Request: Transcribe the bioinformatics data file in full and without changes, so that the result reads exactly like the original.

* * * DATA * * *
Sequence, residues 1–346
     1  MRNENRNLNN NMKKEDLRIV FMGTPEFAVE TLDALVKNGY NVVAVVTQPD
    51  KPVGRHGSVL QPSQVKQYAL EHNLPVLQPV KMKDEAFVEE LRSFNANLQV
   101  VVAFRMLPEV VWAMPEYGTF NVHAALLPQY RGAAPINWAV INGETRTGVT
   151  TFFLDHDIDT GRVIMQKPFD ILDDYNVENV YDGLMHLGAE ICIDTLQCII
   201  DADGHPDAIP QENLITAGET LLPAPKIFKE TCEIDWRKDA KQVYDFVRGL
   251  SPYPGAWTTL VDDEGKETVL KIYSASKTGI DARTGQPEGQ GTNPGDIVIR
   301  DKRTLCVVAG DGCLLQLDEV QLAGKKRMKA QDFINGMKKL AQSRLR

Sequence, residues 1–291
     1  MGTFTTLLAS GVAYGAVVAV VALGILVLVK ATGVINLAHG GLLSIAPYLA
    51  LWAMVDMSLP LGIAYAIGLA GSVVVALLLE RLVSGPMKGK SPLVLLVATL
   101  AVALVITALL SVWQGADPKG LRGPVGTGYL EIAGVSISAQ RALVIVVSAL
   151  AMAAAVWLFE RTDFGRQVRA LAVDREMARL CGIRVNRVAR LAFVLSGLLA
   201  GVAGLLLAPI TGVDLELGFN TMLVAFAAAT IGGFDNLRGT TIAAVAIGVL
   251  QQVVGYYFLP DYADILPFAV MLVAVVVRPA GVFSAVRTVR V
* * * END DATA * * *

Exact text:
Sequence, residues 1–346
     1  MRNENRNLNN NMKKEDLRIV FMGTPEFAVE TLDALVKNGY NVVAVVTQPD
    51  KPVGRHGSVL QPSQVKQYAL EHNLPVLQPV KMKDEAFVEE LRSFNANLQV
   101  VVAFRMLPEV VWAMPEYGTF NVHAALLPQY RGAAPINWAV INGETRTGVT
   151  TFFLDHDIDT GRVIMQKPFD ILDDYNVENV YDGLMHLGAE ICIDTLQCII
   201  DADGHPDAIP QENLITAGET LLPAPKIFKE TCEIDWRKDA KQVYDFVRGL
   251  SPYPGAWTTL VDDEGKETVL KIYSASKTGI DARTGQPEGQ GTNPGDIVIR
   301  DKRTLCVVAG DGCLLQLDEV QLAGKKRMKA QDFINGMKKL AQSRLR

Sequence, residues 1–291
     1  MGTFTTLLAS GVAYGAVVAV VALGILVLVK ATGVINLAHG GLLSIAPYLA
    51  LWAMVDMSLP LGIAYAIGLA GSVVVALLLE RLVSGPMKGK SPLVLLVATL
   101  AVALVITALL SVWQGADPKG LRGPVGTGYL EIAGVSISAQ RALVIVVSAL
   151  AMAAAVWLFE RTDFGRQVRA LAVDREMARL CGIRVNRVAR LAFVLSGLLA
   201  GVAGLLLAPI TGVDLELGFN TMLVAFAAAT IGGFDNLRGT TIAAVAIGVL
   251  QQVVGYYFLP DYADILPFAV MLVAVVVRPA GVFSAVRTVR V